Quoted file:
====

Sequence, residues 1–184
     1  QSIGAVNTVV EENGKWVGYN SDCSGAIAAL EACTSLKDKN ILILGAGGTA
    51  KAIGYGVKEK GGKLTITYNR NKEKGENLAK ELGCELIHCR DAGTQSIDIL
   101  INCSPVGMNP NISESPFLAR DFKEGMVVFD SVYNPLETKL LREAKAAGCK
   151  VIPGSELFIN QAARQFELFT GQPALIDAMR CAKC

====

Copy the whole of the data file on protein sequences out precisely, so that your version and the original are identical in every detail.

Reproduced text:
Sequence, residues 1–184
     1  QSIGAVNTVV EENGKWVGYN SDCSGAIAAL EACTSLKDKN ILILGAGGTA
    51  KAIGYGVKEK GGKLTITYNR NKEKGENLAK ELGCELIHCR DAGTQSIDIL
   101  INCSPVGMNP NISESPFLAR DFKEGMVVFD SVYNPLETKL LREAKAAGCK
   151  VIPGSELFIN QAARQFELFT GQPALIDAMR CAKC